Mountain biodiversity, a subject very familiar to all skyrunners, is this year’s theme of the International Mountain Day designated in 2003 by the United Nations which takes place every December 11.
Since the foundation of skyrunning in the heart of the Italian Alps some 25 years ago, the sport has touched on five continents (Europe, the Americas, Asia, Africa and Oceania). Born in the wild, skyrunning spans the great outdoors, across the world’s mountain ranges re-enacting its original concept of reaching the highest peak via the most logical route in the shortest time.
Crossing scree, rocky ridges, snow fields and glaciers, skyrunners are in direct contact not just with the course vegetation and surroundings, but animal and bird species, as the case of Skyrunning World Champion, Briton Jonathan Albon, who recalls running with reindeer along part of the Tromsø SkyRace® in the Arctic Circle in Norway.
Skyrunning races are subject to ISF rules and permits where participants are capped not just for safety, but also environmental issues. An example that stands out is the Livigno SkyMarathon in the Italian Alps, locally known as “Little Tibet” where a rare species of bird nests. The date of the race, as well as the course, have been selected so as not to disturb the reproductive life of this bird.
An iconic race which for many years during its existence featured on the skyrunning calendar was on South East Asia’s highest peak, Mt Kinabalu, at 4,095m on the Malaysian island of Borneo, one of the world’s most important locations for its biodiversity.
The Skyrunning arena is extremely diverse and set in nature, from steep Alpine ascents and descents, to the slippery wet scrambling rocks of Scotland and Norway, the volcanic summits of La Palma and Madeira, the Spanish Pyrenees, the Colorado Rockies, Japan’s snowy mountains and hot and humid locations stretching from Hong Kong to Brazil and Costa Rica. Incredible high altitude races and records were carried out in Nepal and Tibet, on Mount Kenya and in Mexico, all above 5,000m, each offering diverse climate, landscape, flora and fauna. Many of these venues have since become UNESCO World Heritage Sites.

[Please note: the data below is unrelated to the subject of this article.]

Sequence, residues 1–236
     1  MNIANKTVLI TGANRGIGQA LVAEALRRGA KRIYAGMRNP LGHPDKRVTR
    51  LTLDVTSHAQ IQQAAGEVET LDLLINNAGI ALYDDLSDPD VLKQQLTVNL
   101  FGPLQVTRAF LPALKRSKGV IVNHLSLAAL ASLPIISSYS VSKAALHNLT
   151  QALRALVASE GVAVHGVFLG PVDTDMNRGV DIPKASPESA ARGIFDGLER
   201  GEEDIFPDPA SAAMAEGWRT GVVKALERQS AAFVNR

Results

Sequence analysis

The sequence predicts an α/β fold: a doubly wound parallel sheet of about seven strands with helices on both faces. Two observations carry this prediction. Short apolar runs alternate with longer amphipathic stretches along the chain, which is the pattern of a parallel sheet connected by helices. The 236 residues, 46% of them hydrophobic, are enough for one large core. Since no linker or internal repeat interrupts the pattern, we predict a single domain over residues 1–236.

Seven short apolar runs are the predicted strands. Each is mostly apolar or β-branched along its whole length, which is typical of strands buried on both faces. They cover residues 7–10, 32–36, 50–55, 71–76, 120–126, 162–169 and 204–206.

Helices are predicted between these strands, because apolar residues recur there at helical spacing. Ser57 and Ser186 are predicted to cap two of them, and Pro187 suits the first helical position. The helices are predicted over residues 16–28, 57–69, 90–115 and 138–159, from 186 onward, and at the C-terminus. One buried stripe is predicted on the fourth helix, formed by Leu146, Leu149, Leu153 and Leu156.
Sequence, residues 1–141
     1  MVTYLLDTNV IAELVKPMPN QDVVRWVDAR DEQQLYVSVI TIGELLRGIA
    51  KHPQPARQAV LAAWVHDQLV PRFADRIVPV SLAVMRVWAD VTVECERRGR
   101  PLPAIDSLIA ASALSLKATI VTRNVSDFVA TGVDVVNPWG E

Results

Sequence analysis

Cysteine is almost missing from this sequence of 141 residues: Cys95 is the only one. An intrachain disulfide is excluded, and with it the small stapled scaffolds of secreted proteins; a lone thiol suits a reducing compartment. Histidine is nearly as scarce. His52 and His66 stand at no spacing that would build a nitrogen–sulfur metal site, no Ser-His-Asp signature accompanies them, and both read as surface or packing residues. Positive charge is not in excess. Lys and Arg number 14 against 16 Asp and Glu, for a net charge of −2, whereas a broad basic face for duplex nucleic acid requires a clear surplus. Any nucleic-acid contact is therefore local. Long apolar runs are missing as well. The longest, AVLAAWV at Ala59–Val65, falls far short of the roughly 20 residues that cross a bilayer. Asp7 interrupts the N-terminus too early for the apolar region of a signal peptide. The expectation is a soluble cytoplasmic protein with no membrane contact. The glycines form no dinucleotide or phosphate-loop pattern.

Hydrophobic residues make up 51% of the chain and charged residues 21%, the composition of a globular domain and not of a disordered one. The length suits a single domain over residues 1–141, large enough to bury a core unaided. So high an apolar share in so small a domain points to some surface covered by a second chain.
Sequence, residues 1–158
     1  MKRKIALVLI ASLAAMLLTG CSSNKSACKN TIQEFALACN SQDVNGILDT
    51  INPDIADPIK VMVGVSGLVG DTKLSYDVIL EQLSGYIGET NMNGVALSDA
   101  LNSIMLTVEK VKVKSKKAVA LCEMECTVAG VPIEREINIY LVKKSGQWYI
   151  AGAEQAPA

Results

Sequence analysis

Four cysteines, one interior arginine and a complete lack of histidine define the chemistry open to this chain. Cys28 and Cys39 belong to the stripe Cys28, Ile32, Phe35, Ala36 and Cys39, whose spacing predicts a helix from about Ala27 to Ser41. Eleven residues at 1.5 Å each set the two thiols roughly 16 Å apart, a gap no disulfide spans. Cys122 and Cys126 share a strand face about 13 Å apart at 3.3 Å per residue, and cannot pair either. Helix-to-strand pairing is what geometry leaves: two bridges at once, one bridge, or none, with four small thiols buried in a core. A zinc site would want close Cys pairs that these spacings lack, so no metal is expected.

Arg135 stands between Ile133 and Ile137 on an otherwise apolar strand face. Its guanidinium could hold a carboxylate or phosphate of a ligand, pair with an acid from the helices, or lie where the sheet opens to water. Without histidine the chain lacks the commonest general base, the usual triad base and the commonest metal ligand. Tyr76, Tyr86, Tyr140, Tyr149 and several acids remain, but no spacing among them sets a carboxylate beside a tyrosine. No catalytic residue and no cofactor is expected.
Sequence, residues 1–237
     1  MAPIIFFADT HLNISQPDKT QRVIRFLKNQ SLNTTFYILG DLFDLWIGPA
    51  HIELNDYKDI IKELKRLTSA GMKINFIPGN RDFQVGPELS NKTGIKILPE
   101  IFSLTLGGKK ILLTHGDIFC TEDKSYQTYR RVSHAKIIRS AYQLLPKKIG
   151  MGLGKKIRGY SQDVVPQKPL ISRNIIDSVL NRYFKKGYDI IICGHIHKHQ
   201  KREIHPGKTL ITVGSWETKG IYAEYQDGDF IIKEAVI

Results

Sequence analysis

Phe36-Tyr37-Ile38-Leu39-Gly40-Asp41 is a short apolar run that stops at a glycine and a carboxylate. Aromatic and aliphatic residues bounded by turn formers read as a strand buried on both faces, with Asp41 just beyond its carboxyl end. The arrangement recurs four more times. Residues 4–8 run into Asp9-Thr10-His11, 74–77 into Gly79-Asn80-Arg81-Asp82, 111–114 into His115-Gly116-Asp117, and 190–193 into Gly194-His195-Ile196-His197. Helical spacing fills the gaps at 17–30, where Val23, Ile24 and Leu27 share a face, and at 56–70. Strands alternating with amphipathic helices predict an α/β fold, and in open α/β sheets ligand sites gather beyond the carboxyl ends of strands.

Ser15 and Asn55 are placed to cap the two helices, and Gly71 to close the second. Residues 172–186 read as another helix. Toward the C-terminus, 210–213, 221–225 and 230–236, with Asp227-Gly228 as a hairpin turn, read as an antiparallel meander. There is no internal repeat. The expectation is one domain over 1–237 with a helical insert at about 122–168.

As always, the International Skyrunning Federation joins the celebration of the International Mountain Day as a key player to raise awareness about our immensely beautiful but extremely delicate playground, this year, focussed on mountain biodiversity.
Less cloud. More sky!
*Since 2003, skyrunning has been celebrating this special day. That first year, the skyrunning founders created a one-off event, the Alpine SkyRaid, where teams of four crossed the entire Alpine chain across Italy from Courmayeur to Cortina using their legs, lungs and hearts as well as snow shoes, skis and bikes to complete this unique, one-off tour dedicated to the first International Mountain Day.